TONIGHT I propose to speak to you on human evolution, leading you onwards to the future that lies before the race, and endeavouring to guide you step by step - though the steps will be somewhat long ones - up the staircase which, through the ages, the race will climb. In order to do this intelligibly I must carry your thoughts backwards for a few moments over ground that will be familiar to you as students of our sublime philosophy, and I may run over it hastily because it familiar, though the glance over it is necessary as a preliminary reminder even for those who already know the facts, in order that we may have the whole great scheme before us from the beginning to the end of the Manvantara.
Contractions in college essays - Homework Help Sites.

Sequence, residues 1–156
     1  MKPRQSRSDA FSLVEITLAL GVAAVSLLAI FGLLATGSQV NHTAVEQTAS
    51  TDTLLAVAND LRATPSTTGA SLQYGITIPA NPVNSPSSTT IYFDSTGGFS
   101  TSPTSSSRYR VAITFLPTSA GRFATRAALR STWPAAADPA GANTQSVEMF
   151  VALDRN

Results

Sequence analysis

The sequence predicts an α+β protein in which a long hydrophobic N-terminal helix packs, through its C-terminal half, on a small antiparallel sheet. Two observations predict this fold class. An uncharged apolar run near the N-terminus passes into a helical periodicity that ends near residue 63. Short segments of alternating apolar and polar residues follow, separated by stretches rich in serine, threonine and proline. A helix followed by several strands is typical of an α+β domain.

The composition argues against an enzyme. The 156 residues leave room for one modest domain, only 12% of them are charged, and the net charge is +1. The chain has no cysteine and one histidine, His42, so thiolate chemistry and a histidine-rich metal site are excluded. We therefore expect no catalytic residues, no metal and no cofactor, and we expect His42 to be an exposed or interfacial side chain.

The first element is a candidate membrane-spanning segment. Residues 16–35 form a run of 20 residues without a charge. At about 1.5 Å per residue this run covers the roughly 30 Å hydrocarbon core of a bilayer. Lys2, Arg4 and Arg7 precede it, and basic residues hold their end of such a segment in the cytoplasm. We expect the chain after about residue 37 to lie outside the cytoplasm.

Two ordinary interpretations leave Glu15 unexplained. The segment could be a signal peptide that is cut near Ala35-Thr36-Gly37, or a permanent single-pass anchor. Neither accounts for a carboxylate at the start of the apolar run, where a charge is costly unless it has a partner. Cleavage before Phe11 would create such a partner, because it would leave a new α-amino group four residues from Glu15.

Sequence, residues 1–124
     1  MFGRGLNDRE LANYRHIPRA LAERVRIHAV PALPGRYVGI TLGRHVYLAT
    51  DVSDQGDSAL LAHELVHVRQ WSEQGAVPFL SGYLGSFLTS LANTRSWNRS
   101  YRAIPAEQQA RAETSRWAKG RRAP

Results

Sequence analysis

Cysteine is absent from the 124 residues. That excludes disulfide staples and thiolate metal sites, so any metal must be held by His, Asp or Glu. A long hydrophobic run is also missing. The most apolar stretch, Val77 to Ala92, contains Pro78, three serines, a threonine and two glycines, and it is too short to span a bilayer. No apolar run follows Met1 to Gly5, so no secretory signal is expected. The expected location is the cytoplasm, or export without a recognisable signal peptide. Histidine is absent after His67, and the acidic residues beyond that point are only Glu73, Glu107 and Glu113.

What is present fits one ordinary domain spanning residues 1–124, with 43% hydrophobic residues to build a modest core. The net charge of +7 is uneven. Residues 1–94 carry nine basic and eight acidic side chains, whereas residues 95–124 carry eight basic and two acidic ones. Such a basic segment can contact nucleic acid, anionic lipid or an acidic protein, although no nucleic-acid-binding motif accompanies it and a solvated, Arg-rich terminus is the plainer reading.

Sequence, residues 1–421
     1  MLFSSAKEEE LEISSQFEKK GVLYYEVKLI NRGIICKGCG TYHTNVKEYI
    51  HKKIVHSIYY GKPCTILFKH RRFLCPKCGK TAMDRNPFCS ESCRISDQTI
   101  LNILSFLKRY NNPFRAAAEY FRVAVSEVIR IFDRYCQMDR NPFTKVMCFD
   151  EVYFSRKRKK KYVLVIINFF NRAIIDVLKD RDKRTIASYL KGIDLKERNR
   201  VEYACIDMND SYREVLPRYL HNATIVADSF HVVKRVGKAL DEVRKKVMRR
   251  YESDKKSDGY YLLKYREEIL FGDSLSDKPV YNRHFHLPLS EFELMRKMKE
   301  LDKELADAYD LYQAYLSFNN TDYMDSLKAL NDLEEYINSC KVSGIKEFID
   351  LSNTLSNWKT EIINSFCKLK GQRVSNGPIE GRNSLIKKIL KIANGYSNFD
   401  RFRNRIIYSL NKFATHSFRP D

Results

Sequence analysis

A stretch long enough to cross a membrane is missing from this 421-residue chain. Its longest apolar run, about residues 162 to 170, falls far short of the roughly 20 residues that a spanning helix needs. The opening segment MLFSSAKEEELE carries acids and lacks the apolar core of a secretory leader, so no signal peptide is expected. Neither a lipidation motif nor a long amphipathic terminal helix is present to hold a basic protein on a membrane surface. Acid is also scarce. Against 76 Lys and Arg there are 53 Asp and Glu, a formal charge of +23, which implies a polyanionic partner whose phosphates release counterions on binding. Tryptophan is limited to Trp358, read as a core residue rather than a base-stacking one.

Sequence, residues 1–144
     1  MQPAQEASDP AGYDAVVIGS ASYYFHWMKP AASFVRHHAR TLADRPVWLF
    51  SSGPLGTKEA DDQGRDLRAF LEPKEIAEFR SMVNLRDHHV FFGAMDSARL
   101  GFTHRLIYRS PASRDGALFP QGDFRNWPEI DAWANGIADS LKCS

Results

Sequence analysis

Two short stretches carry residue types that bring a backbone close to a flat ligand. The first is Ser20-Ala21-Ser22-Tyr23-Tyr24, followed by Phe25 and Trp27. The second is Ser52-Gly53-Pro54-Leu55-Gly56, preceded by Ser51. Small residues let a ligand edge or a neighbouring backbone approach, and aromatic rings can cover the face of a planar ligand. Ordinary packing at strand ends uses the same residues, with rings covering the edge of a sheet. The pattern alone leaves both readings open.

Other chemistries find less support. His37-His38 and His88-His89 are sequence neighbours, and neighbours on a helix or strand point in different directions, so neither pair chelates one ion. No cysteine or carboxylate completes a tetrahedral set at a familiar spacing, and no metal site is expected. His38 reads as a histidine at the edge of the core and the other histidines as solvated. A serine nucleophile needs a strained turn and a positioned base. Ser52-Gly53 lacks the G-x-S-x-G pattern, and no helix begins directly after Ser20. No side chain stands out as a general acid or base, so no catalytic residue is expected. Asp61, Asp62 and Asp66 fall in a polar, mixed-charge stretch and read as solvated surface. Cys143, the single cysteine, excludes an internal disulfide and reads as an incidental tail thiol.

Thirdly, the darkness is often a glamour thrown over the aspirant by the destructive forces that play in the world. To the process of evolution destruction is as necessary as construction, disintegration as integration. That which apparently delays really strengthens, as death is but an aspect of birth. The occultist knows that every force in nature represents the working of an invisible Intelligence, and that this is as true of the destructive as of the constructive forces. And he knows that the destructive Intelligences - the Dark Powers, as they are often called - set themselves to beguile, entrap, and bewilder the aspirant the moment he has made sufficient progress beyond ordinary humanity to draw their attention, and render himself worthy of attack. Endeavouring to delay the higher evolution and to prolong the sovereignty of matter, they regard as their natural enemy anyone who steps out of the normal path and seeks to lead the spiritual life. These are the “powers of nature”, so often mentioned in mystic books, who strive to hold back the aspiring soul. Their most favourite device of all, perhaps, is to cause discouragement and, if possible, to drive to despair, by enveloping the soul in darkness, and by making him feel forsaken and alone. Theirs the touch which gives the peculiar poignancy to the isolation; the thoughts that whisper of despair are but the echoes of their mockery. As progress is made on the Path, all the powers of nature must gradually be faced and conquered, and the facing and the conquering must be done alone. Alone? ah! not alone in reality; what shall separate us from the One Life which is our very Self, or from the love of the Masters who watch every step of the combatant? but alone so far as the intellect is concerned, which feels the “I” as standing unaided and forlorn.